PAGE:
Outsiders Car Club upholds Cinco de Mayo fest tradition

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They are a highly anticipated, highly visible attraction at the Cinco de Mayo Festival on 23rd Street.

They are the stunning, classic cars lined up in the parking lot of a mini-shopping center at 23rd and Wendell Avenue.

Tens of thousands of people who attend the annual festival admire the row of cars as they pass the intersection, but few are aware of the long-standing tradition that makes the show possible.

This weekend, Outsiders Car Club will be back, first participating in Saturday’s parade on 23rd Street, and then with its annual show on Sunday at the 23rd Street Merchants Association Cinco de Mayo Festival sponsored by Chevron Richmond.

The festival, which runs from 10 a.m. to 5 p.m., is considered among the state’s best, bringing three entertainment stages, 26 food vendors and over 100,000 attendees to 23rd between Clinton and Rheem avenues.

For years, a club known as the Raza Unida Car Club put on car shows in the community, participated in food and toy drives and displayed their vehicles in the shopping center parking lot during the Cinco de Mayo festival. About four years ago, the club, which has been around since the late 1970s, lost its name for legal reasons, and older members retired.

The club was handed down to Junior, nephew of the founders and a Kennedy High alum, who renamed it the Outsiders Car Club. There’s also an affiliated bicycle club. While the name has changed, the mission is similar: To gather over a love for cars and community.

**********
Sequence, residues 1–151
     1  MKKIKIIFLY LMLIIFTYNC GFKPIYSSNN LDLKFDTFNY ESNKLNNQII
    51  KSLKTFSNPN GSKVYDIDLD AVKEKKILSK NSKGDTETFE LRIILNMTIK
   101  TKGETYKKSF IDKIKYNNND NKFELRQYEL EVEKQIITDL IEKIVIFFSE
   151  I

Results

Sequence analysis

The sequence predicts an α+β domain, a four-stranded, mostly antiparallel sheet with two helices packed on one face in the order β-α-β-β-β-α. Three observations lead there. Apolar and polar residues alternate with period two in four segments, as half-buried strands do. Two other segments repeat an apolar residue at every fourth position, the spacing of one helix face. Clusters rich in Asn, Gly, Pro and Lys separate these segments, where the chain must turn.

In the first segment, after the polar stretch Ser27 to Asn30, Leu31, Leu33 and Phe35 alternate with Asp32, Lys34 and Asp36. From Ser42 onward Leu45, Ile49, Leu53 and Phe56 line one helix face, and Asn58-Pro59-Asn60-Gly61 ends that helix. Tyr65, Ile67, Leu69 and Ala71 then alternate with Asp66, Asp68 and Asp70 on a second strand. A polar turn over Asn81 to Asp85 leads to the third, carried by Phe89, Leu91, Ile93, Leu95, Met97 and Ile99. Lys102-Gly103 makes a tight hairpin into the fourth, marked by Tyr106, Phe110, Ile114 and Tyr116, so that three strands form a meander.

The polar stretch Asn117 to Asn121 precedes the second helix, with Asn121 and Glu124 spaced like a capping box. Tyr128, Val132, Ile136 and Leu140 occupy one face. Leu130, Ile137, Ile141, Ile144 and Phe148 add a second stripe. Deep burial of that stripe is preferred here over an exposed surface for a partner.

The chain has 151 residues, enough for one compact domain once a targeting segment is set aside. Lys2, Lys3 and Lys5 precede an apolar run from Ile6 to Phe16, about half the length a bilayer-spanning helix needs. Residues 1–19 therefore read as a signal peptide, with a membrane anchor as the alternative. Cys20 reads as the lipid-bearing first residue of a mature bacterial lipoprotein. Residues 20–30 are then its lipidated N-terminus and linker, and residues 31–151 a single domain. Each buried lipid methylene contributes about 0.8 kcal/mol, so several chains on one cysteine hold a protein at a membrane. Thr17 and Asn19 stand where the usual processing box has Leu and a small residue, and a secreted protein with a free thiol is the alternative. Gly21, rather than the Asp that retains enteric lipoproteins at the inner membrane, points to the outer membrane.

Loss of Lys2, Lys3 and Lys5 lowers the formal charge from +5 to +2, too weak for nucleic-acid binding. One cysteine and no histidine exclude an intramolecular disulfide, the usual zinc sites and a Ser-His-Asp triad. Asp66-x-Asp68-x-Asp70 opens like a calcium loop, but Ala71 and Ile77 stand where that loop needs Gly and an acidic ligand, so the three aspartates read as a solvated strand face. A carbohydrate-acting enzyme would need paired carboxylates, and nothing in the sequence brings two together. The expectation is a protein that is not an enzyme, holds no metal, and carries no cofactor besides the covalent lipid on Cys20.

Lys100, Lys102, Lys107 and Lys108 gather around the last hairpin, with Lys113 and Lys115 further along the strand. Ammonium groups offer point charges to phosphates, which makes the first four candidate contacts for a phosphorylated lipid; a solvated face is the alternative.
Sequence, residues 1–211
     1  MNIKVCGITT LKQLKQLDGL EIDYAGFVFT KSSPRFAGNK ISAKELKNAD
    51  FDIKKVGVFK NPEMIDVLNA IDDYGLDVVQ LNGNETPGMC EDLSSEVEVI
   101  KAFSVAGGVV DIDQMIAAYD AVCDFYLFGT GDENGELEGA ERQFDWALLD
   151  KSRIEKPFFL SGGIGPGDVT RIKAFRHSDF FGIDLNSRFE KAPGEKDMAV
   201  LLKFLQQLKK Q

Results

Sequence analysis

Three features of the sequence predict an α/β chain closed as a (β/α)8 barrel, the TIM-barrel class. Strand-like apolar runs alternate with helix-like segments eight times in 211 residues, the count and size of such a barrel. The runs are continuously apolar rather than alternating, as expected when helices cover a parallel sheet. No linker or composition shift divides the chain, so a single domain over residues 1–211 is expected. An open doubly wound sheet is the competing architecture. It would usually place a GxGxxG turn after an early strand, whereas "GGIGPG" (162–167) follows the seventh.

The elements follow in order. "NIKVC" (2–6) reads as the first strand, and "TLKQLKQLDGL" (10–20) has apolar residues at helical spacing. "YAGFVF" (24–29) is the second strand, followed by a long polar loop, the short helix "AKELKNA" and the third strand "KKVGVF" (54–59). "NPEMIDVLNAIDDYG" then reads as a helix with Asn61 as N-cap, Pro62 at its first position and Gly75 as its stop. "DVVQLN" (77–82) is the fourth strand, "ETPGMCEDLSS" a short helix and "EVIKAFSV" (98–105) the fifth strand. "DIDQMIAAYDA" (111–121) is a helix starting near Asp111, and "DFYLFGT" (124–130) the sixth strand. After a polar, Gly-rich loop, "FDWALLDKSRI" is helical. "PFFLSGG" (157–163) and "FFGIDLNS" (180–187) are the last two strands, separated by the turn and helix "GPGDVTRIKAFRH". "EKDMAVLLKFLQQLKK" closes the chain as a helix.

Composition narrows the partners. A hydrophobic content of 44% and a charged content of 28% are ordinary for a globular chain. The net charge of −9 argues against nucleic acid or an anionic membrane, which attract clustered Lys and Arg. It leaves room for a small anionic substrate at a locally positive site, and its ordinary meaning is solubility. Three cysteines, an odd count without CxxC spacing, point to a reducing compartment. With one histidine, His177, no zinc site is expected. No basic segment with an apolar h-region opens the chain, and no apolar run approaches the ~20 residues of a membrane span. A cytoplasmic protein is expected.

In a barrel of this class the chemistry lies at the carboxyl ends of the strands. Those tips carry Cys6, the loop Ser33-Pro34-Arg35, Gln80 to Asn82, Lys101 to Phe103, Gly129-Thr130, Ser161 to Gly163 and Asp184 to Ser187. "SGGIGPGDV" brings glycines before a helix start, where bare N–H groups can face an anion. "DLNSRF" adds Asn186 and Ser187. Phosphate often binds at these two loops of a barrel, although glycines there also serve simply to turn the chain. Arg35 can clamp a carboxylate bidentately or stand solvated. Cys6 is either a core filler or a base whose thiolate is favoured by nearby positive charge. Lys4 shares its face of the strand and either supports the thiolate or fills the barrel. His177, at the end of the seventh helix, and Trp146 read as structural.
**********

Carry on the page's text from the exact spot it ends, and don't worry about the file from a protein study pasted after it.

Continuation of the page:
The Outsiders Car Club continues to participate in various community functions, from Cinco de Mayo to Trunk or Treat. It has a strong partnership with community leaders on 23rd Street, including John Marquez and Diego Garcia.

The club puts on the shows for free, Junior said.

“We do it because we’re from the city of Richmond it gives us the ability to show our Pride and Purpose,” Junior said.

The 23rd Street Cinco de Mayo festival could be the largest – and most peaceful – in the Bay Area. Check out our story earlier this week about its history as a family-friendly event. But it also serves an important purpose of providing exposure for 23rd Street businesses and Richmond in general.

“What I like about the festival is it gives a chance not only to small businesses but people starting things in the city to showcase themselves,” Junior said.

Make sure to stop by Sunday and say hello to Junior and the rest of his club.

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